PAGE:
1. ‘Indian-Americans experience unprecedented political success’

‘Indian-Americans experience unprecedented political success’

Indian-Americans are experiencing unprecedented political success in the US, where the community comprise 1 per cent of the total population and for the first time ever they now also make up 1 per cent of the Congress, a media report said today.

By: | Washington | Published: January 17, 2017 9:09 PM
 Kamala Harris, Forbes, Dilip Singh Saund, Nikki Haley, Donald Trump, Bobby Jindal, San Francisco, Indiaspora, White House Donald Trump’s election to the White House is also proving a boon to some members of the community.(Reuters)

Indian-Americans are experiencing unprecedented political success in the US, where the community comprise 1 per cent of the total population and for the first time ever they now also make up 1 per cent of the Congress, a media report said today.

US Congress has 535 voting members: 435 Representatives and 100 Senators. And during last year’s elections four of the community members were elected to the Congress, while a fifth member won re-election to a third-term.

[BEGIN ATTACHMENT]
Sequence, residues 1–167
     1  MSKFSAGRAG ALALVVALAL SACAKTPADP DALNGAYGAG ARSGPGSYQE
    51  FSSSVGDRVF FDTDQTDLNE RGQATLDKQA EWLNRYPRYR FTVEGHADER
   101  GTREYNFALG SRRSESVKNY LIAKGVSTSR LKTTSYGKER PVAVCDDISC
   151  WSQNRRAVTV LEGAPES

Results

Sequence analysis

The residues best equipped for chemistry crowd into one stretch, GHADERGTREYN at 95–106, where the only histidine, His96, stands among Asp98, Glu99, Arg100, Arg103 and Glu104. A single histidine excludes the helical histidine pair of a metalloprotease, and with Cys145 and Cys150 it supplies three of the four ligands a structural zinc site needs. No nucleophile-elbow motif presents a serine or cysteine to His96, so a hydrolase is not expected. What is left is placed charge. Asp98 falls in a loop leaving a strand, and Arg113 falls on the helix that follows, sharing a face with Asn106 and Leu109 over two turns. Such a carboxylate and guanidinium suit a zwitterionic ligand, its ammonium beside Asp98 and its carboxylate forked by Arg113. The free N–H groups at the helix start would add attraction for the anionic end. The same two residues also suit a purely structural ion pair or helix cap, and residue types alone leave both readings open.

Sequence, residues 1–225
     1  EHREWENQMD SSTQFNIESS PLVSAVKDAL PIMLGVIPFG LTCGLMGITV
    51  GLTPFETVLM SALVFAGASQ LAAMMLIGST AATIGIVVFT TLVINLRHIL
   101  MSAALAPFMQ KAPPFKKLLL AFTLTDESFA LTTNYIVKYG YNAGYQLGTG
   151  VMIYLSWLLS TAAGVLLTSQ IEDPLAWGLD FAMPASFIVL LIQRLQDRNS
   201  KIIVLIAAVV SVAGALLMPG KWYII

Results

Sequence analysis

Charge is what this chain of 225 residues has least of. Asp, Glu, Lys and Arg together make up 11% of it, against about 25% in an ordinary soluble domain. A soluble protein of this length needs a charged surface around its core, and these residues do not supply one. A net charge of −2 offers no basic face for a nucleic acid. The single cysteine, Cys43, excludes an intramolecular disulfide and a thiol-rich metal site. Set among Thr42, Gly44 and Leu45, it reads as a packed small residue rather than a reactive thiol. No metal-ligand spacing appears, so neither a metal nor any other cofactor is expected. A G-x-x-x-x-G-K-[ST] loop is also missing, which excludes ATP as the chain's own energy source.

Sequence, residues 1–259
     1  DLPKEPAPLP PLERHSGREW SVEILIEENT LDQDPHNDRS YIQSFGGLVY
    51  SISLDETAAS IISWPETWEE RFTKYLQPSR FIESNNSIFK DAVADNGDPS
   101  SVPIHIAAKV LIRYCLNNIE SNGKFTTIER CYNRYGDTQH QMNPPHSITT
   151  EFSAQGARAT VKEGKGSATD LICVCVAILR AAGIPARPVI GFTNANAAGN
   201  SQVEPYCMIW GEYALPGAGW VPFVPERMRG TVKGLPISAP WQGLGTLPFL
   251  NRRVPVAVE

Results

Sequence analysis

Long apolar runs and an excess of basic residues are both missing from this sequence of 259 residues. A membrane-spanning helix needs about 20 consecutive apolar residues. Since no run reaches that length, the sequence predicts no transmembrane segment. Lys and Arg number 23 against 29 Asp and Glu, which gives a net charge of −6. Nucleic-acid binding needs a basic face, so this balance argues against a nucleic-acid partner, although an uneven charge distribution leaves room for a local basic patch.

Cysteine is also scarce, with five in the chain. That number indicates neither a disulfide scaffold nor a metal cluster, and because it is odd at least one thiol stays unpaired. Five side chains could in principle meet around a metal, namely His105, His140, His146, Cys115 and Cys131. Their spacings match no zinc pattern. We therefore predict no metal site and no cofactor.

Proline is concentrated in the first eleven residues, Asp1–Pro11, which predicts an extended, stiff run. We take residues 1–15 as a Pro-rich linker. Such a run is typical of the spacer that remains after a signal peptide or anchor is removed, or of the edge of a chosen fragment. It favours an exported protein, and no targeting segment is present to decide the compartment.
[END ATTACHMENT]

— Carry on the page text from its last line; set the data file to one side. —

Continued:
Ro Khanna, Pramila Jayapal, Raja Krishnamoorthi and Kamala Harris were elected to the US Congress last year, and Ami Bera won re-election to a third term.

This represents the largest number of Indian Americans to ever serve in Congressional history, Forbes reported.

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Judge Dilip Singh Saund became the first Asian American to be elected to Congress in 1956. Nearly four decades later, Bobby Jindal was elected to the House of Representatives from Louisiana before launching a successful gubernatorial bid in the state.
“Indian Americans are approximately 1 per cent of the US population and for the first time ever they now make up 1 per cent of the US Congress,” said MR Rangaswami, the founder of the San Francisco-based nonprofit Indiaspora.

“This doesn’t count the scores of Indian-Americans senior staffers serving on Capitol Hill working for dozens of members on both sides of the aisle,” he told the magazine.

Beyond the legislative branch, Donald Trump’s election to the White House is also proving a boon to some members of the community. South Carolina Governor Nikki Haley has been tapped to become the first ever Indian-American US Ambassador to the UN while Indiana native Seema Verma has been nominated by the president-elect to run the Center for Medicare and Medicaid Services.

Since American immigration laws were liberalised in 1965, Indians traveled to the US in record numbers and the Indian American community has become the wealthiest, most educated diaspora in the country.

While they have dominated the medical, engineering and computer science industries for decades, Indian Americans are only recently experiencing a commensurate level of achievement in public life, according to the report.

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